June 2020
Volume 61, Issue 7
Free
ARVO Annual Meeting Abstract  |   June 2020
Evaluation of Choriocapillaris Blood Flow in Patients with Birdshot Chorioretinitis (BSCR) Using Swept Source Optical Coherence Tomography Angiography (SS-OCTA)
Author Affiliations & Notes
  • Tin Yan Liu
    Wilmer Eye Institute, Baltimore, Maryland, United States
  • Moying Wang
    Wilmer Eye Institute, Baltimore, Maryland, United States
  • Renuka Mopuru
    Wilmer Eye Institute, Baltimore, Maryland, United States
  • J Fernando Arevalo
    Wilmer Eye Institute, Baltimore, Maryland, United States
  • Jennifer E Thorne
    Wilmer Eye Institute, Baltimore, Maryland, United States
  • Footnotes
    Commercial Relationships   Tin Yan Liu, None; Moying Wang, None; Renuka Mopuru, None; J Fernando Arevalo, None; Jennifer Thorne, None
  • Footnotes
    Support  None
Investigative Ophthalmology & Visual Science June 2020, Vol.61, 2088. doi:
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      Tin Yan Liu, Moying Wang, Renuka Mopuru, J Fernando Arevalo, Jennifer E Thorne; Evaluation of Choriocapillaris Blood Flow in Patients with Birdshot Chorioretinitis (BSCR) Using Swept Source Optical Coherence Tomography Angiography (SS-OCTA). Invest. Ophthalmol. Vis. Sci. 2020;61(7):2088.

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      © ARVO (1962-2015); The Authors (2016-present)

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Abstract

Purpose : To describe pathologic flow loss in the choriocapillaris detected with SS-OCTA in patients with BSCR

Methods : Cross sectional observational study. BSCR patients underwent comprehensive ophthalmic examinations and SS-OCTA imaging [DRI OCT Triton, Topcon, Tokyo]. Each eye was imaged 3 times: 3x3mm image centered on the fovea, 6x6mm image centered on the fovea and 12x12mm image that captured both the macula and optic disc. The OCTA images were evaluated by a retina specialist for pathologic flow loss in the choriocapillaris. The choriocapillaris vascular density (CVD) at the foveal central subfield, defined as the central 1mm diameter circle in the Early Treatment Diabetic Retinopathy Study (ETDRS) grid, for each eye was calculated using a proprietary, automatic algorithm.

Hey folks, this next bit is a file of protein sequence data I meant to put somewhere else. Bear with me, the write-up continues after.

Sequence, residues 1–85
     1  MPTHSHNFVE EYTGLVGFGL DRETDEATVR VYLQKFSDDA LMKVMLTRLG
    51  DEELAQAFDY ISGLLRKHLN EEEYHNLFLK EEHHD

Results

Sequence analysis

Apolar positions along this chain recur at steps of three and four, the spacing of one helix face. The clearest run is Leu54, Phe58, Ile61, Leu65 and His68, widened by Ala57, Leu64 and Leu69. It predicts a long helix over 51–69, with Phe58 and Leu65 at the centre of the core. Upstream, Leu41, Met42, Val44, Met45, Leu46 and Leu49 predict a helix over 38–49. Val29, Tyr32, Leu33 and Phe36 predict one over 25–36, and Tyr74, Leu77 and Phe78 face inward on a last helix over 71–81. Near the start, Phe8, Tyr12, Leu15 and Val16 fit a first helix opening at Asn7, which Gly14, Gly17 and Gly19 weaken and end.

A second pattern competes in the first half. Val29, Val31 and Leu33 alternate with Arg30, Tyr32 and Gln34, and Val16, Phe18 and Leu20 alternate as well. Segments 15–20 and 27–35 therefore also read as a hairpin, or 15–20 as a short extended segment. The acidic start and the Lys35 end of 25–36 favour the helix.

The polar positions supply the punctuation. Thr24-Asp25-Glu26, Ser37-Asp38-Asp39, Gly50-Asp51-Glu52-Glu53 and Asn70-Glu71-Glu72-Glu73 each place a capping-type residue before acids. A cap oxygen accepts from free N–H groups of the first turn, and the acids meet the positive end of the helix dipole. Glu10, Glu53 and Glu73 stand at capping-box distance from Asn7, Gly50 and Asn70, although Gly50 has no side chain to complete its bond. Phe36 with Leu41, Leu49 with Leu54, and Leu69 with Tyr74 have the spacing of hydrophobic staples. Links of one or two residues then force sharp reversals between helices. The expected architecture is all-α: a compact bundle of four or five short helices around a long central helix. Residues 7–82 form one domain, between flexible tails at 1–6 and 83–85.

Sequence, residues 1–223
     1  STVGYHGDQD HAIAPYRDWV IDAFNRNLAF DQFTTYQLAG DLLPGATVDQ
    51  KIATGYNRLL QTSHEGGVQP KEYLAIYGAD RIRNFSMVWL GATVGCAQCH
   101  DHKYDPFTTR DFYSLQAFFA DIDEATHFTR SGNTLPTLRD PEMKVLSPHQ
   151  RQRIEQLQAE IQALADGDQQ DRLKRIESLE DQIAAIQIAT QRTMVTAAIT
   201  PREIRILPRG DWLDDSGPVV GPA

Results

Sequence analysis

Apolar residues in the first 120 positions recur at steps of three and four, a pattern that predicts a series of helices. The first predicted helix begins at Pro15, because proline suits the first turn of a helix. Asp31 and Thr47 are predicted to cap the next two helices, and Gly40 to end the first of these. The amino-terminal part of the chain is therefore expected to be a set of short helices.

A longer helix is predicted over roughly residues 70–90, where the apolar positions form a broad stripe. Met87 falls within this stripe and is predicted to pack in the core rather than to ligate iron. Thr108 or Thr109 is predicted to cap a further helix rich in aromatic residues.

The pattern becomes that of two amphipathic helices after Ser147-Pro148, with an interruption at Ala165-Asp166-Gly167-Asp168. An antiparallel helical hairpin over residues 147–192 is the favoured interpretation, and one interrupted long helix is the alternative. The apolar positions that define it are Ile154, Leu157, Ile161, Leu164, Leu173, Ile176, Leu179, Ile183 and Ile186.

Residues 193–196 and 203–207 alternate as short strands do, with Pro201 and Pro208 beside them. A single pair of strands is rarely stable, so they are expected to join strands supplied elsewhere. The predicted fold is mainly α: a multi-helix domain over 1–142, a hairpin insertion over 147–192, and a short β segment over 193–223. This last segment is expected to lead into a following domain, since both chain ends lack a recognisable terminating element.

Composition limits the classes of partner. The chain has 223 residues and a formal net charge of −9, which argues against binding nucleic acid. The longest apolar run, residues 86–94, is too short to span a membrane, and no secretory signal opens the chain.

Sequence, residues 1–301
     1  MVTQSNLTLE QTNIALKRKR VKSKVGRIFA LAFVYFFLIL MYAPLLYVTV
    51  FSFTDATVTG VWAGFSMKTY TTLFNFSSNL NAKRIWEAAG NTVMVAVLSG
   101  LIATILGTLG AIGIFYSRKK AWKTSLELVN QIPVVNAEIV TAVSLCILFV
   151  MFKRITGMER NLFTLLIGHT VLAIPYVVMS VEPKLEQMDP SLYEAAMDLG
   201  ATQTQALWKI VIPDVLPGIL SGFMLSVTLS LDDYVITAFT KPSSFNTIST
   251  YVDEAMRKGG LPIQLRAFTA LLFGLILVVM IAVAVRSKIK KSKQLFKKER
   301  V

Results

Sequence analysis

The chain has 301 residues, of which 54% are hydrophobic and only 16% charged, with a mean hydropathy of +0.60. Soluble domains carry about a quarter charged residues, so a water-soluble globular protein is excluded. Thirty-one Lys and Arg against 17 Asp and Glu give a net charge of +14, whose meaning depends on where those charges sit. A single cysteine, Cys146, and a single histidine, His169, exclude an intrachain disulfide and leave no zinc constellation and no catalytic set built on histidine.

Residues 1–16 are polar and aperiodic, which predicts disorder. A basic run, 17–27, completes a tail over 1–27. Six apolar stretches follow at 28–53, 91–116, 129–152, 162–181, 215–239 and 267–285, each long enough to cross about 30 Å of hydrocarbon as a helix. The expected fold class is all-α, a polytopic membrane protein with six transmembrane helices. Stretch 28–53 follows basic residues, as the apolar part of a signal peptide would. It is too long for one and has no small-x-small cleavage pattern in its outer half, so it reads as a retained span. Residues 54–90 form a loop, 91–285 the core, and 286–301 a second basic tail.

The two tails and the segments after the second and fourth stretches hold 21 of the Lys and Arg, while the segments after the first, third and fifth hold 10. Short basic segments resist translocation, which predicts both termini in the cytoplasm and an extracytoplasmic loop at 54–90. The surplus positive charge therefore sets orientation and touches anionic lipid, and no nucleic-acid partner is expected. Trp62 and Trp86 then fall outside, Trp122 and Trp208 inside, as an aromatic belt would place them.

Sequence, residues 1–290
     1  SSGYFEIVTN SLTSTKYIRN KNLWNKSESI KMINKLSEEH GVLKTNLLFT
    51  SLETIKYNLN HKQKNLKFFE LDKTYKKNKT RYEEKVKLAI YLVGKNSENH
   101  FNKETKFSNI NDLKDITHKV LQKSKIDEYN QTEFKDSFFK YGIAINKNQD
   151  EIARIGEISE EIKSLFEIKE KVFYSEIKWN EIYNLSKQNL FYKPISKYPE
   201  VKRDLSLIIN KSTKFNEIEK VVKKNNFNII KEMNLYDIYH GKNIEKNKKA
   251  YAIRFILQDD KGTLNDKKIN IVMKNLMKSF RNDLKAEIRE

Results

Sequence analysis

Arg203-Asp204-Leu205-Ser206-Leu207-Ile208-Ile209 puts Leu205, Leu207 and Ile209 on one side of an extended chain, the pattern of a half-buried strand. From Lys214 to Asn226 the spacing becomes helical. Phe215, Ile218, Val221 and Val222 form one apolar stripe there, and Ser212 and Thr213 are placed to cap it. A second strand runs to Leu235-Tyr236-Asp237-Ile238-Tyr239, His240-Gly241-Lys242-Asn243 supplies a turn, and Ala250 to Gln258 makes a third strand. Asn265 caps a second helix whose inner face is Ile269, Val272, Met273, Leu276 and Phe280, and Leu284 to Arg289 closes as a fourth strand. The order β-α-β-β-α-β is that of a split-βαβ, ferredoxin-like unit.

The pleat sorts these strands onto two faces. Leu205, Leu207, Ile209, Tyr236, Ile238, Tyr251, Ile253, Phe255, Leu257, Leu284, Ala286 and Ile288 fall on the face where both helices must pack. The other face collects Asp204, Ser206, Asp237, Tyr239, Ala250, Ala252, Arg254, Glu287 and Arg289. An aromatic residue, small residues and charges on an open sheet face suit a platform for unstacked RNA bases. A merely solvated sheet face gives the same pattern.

Results : 39 eyes from 21 patients are included in the study. The mean age is 62.5 ± 8.3 years. The mean LogMAR visual acuity (VA) is 0.18 ± 0.26 (mean Snellen VA 20/30, range 20/15 to 20/200). Two patterns of pathologic choriocapillaris flow floss are observed: patchy non-confluent (66.7% of eyes) and discrete well-circumscribed (46.2% of eyes). In total, 31/39 (79.5%) eyes have some degree of pathologic flow loss. Of the 14 eyes (in 10 patients) with VA 20/20 or better, pathologic flow loss is seen in 10 eyes (71.4%). The foveal CVD is available in 32/39 (82.1%) eyes. The range of foveal CVD in eyes with normal vision is 46.3% to 58.2%. The mean foveal CVD in eyes with VA 20/20 or better is 52.5% ± 4.0%, while the mean foveal CVD in eyes with VA 20/30 or worse is 47.5% ± 3.6% (two-sided p-value 0.005).

Conclusions : Although BSCR predominantly affects the choroid and retina peripheral to the major vascular arcades, pathologic flow loss in the choriocapillaris is frequently encountered in the macula. Even in eyes with normal VA, there is pathologic flow loss in >50% of eyes. This may explain the previously published observations that BSCR eyes with normal vision frequently have decreased contrast sensitivity and that inactive BSCR eyes have decreased sensitivities on microperimetry when compared to controls. BSCR eyes with abnormal vision, on average, have lower foveal CVD as compared to eyes with normal vision, suggesting that pathological flow in the choriocapillaris may contribute to decreased VA in BSCR eyes.

This is a 2020 ARVO Annual Meeting abstract.

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